Posts Tagged ‘PWM’

Cooler Master has brought to market their “Fourth Generation Bearing,” a bearing based on POM (polyoxymethylene). So far, they have built three fans with POM bearings. The second fan to use a POM bearing is the Jetflo, the very fan we will be reviewing here. The Jetflo has a number of features that make it an interesting fan indeed. In fact, the POM bearing is just the first of its features. So let us review them all, and put the fan through its paces.

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Phanteks was founded in 2007. Their first product was a heatsink that was arguably the best heatsink when it was introduced. Since then we have seen more fans and more heatsinks from Phanteks. And now they jump into the world of cases. Just as they did with the PH-TC14PE, Phanteks is starting at the top end of the market, this time with the Enthoo Primo, a $250 case. Is this case worth that price? Let us find out.

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Noctua is known for quiet fans and some would say an unorthodox color scheme. They’ve managed to power past their color choices though and have built a reputation as one of the premier cooling manufacturers on the market today. The heatsink we’re looking at today is in their silent series, the Noctua NH-U12S.

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Highspeed Gentle Typhoons are wonderful beasties. They run at 300, 4250 and 5400 rpm but sound surprisingly quiet for those speeds. They draw their power from the PSU so they don’t burn out your motherboard. They even report their RPM with a dedicated line. All they lack is PWM. With PWM control our motherboards could tell these fans when to really crank, and when to be quiet. But take heart! Hiding in highspeed Gentle Typhoons are the reins to controlling these fans. I just bought a new highspeed Gentle Typhoon. Inside half an hour I can turn this wild critter into a docile PWM fan. Follow along with me and learn for yourself.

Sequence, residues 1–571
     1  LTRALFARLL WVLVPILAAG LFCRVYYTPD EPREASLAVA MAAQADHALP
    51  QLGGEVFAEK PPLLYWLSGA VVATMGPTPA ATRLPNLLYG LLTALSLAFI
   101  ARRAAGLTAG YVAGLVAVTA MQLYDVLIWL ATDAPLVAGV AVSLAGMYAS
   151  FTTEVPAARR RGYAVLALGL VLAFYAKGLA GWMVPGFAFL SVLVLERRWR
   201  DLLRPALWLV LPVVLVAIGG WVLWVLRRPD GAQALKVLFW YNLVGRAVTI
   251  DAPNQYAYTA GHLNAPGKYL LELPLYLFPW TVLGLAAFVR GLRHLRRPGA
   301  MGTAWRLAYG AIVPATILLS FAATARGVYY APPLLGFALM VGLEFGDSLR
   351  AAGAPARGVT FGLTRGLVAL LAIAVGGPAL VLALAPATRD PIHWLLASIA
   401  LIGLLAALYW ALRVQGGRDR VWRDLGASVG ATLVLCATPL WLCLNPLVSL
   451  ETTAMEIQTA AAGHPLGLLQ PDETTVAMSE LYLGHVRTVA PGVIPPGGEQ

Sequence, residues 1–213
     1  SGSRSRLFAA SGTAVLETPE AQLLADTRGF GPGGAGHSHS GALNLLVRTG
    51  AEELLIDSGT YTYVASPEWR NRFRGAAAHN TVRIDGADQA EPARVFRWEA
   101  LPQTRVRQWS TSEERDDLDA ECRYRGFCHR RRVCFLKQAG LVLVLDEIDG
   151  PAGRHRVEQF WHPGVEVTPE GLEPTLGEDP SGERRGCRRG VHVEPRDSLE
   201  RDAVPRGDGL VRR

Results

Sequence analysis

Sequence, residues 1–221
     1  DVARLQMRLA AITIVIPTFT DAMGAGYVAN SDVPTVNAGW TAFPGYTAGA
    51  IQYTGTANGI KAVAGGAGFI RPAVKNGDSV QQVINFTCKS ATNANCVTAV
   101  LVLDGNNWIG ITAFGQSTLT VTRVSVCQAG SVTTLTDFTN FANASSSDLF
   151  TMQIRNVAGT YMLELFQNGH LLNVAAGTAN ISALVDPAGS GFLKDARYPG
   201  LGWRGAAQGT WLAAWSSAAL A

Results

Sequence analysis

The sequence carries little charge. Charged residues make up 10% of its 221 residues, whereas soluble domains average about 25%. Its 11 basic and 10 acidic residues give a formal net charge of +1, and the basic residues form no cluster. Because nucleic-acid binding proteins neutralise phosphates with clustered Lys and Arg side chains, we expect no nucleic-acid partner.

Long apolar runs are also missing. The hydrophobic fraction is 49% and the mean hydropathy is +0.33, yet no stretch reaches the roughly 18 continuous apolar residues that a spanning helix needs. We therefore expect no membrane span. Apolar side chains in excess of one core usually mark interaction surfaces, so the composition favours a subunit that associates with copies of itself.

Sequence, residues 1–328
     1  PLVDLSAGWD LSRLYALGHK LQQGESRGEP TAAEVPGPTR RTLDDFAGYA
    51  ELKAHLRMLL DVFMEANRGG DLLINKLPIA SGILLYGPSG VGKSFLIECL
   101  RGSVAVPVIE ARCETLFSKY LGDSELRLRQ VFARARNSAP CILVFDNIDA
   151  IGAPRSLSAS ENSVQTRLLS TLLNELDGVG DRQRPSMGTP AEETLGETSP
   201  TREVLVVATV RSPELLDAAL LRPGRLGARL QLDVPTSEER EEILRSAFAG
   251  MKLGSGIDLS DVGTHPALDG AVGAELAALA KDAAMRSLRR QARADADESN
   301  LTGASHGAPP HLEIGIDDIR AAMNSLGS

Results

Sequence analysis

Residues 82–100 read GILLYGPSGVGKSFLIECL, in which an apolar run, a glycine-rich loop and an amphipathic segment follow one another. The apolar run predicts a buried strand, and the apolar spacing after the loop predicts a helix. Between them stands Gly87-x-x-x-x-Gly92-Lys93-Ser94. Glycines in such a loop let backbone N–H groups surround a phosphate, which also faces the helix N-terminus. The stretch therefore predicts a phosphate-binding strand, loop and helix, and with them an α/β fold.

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Here we will look at a variety of 120 mm PWM push fans on the Noctua NH-D14 while using two different 140 mm PWM fans in the center. Noctua has sent three PWM fans so we finally have what I need to make some comprehensive comparisons

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What if you want to control the speed of your high-speed Gentle Typhoon fan? Maybe you’re tired of it going full-blast all the time. It is quite noisy after all… What to do? You could buy an expensive fan controller, but there is a better way. Actually, there are a couple of better ways, and they involve a hidden capability of your high-speed Gentle Typhoon’s PCB.

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Talk about an embarrassment of riches! In short order, Noctua banged out a bunch of PWM fans at the end of 2011. I thought you’d like to look at three of them and see how they perform.

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If you have a heatsink with a PWM fan and you have set it to Auto, you will hear the fan speed up from slow to fast as your CPU proceeds from idle to load. What if you want to control your PWM fans manually? Zalman has just what you’re looking for, the PWM Mate.

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This neat fan controller project requires only a little time, expense, and commitment, and the circuit is relatively easy to build and very satisfying to use!

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